Bruxism: Stopping the Grind (part 2)

Jun 14, 2018

It’s common for people to grind their teeth when they’re frustrated or angry or stressed. But 5% of the population suffer from bruxism: involuntary, forceful, and habitual teeth grinding and jaw clenching. In the last blog, we talked about the signs and symptoms of bruxism, as well as possible causes of teeth grinding. This time, we’ll be looking at recommended treatments of bruxism and what you can do to manage it.

What Should You Do about It?

On the Dental Side of Things

Dentists generally offer the following treatments to manage your teeth grinding:

  • Restoring and replacing chipped and/or broken fillings
  • A bite splint (a type of soft plastic mouthguard) to be worn at night

A bite splint has the effect of wearing down the splint instead of your teeth, which will take care of your symptoms but won’t necessarily stop your bruxism entirely. It also may not be the solution for people who are suffering from sleep apnoea as it may reposition the jaw and obstruct your airway even more. If you are suffering from a sleeping disorder, like sleep apnoea, you should consult your GP in conjunction with your dentist for specific treatment. Your GP or other healthcare professional can conduct a sleep study to see if you are experiencing episodes of interrupted breathing during your sleep.

Dentists will offer the following treatment if your bruxism is extreme and it has worn down your teeth to stumps:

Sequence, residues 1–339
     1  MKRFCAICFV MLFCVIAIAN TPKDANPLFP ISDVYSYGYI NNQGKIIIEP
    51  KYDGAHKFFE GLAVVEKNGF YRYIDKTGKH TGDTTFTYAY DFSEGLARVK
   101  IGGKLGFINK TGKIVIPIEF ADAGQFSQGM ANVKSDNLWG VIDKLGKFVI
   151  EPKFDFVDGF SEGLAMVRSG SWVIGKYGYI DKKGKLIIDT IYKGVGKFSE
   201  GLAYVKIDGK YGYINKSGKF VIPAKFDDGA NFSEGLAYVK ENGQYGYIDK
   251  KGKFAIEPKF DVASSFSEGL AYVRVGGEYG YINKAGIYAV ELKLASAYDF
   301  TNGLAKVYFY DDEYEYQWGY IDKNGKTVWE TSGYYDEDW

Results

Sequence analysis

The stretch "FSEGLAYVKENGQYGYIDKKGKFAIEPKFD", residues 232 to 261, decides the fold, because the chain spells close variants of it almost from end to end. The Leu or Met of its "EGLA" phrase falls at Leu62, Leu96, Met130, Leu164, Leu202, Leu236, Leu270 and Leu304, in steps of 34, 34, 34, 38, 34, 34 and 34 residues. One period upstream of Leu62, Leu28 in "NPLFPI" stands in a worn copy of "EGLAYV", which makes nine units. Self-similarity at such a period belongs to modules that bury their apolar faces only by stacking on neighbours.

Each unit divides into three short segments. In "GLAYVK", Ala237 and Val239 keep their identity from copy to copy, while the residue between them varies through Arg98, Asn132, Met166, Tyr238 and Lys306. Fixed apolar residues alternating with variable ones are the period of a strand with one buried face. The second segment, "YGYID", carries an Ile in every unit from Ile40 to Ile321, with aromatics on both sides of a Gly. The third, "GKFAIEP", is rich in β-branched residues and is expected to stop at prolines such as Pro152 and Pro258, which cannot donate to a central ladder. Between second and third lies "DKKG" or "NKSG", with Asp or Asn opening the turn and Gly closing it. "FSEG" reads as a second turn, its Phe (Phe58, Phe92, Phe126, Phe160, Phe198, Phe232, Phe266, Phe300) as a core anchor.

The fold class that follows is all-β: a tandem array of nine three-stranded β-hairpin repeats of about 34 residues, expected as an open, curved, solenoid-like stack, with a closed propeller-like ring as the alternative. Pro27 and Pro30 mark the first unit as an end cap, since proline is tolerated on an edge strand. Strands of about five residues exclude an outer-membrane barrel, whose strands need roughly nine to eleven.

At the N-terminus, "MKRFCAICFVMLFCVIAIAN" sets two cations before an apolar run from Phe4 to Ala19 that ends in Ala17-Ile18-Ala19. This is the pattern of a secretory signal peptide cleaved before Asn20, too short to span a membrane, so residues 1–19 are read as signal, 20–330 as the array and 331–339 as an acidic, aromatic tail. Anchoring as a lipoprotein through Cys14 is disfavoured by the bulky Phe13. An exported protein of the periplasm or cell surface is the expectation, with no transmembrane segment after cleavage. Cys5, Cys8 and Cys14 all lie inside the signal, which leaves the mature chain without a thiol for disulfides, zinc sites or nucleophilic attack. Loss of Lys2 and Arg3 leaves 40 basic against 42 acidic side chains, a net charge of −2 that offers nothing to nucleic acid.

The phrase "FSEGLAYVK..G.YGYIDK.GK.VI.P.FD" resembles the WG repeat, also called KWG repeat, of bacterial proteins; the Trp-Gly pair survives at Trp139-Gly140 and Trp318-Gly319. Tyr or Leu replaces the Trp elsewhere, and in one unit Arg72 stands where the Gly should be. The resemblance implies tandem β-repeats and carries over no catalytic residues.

• Bridges
  • Crowns
  • Root canal treatment
  • Implants
  • Partial/complete dentures

Other Management Techniques

There are other healthcare professionals who can really help you. Your GP, psychologist, physiotherapist, and sleep therapist are all people who can offer tips and services to facilitate the management of your teeth grinding. They could recommend the following:

  • Stress counselling
  • Relaxation techniques (like meditation) just before bedtime
  • CBT (cognitive behaviour therapy)
  • Exercise on a regular basis
  • Seeing a physical and/or sleep therapist
  • Prescribed muscle relaxants (medication)

You can also manage your bruxism yourself by doing the following:

  • Avoid or minimise foods and drinks that contain caffeine, chocolate, and coffee (especially a few hours before going to bed)
  • Avoid or minimise alcohol consumption (as teeth grinding tends to intensify after drinking alcohol)
  • Avoid chewing on anything that is not food (like the end of pencils or pens)
  • Avoid chewing gum (as that trains your jaw muscles to clench more often)
  • You can train yourself to not clench your jaw or grind your teeth by putting the tip of your tongue between your teeth. (The position, and the threat of biting your tongue, forces your jaw muscles to relax.)
  • You can relax your jaw muscles by placing a warm towel against your cheeks (in front of each earlobe) just before you go to bed
  • You can ensure you are sleeping in a healthy environment (i.e. a dark, quiet room) and a comfortable sleeping position (people who sleep on their backs are more likely to grind their teeth)

Treatment for Your Child

As children generally grind their teeth at night, they are likely unaware they are doing it. Gently explaining the issue may help your child become more aware of their bruxism and will help you when you want to implement any management strategies.

If your child is suffering from bruxism, you can:

  • Decrease your child’s stress (particularly before putting them to bed)
  • Teach them massaging and stretching exercises that would help relax their jaw muscles
  • Keep your child hydrated (as dehydration has been linked with teeth grinding)

As mentioned previously in the last blog, it is unlikely any dental treatment is needed (especially if your child is preschool-aged) but if you are concerned, consult your dentist and they may also be able to provide a bite splint for your child to wear at night.